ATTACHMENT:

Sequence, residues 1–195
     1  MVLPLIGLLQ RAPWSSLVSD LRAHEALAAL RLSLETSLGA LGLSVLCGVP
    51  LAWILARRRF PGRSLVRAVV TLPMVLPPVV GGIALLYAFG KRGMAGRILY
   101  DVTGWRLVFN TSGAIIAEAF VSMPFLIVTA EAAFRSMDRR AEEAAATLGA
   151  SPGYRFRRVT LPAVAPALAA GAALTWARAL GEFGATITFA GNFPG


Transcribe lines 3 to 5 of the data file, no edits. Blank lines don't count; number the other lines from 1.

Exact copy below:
    51  LAWILARRRF PGRSLVRAVV TLPMVLPPVV GGIALLYAFG KRGMAGRILY
   101  DVTGWRLVFN TSGAIIAEAF VSMPFLIVTA EAAFRSMDRR AEEAAATLGA
   151  SPGYRFRRVT LPAVAPALAA GAALTWARAL GEFGATITFA GNFPG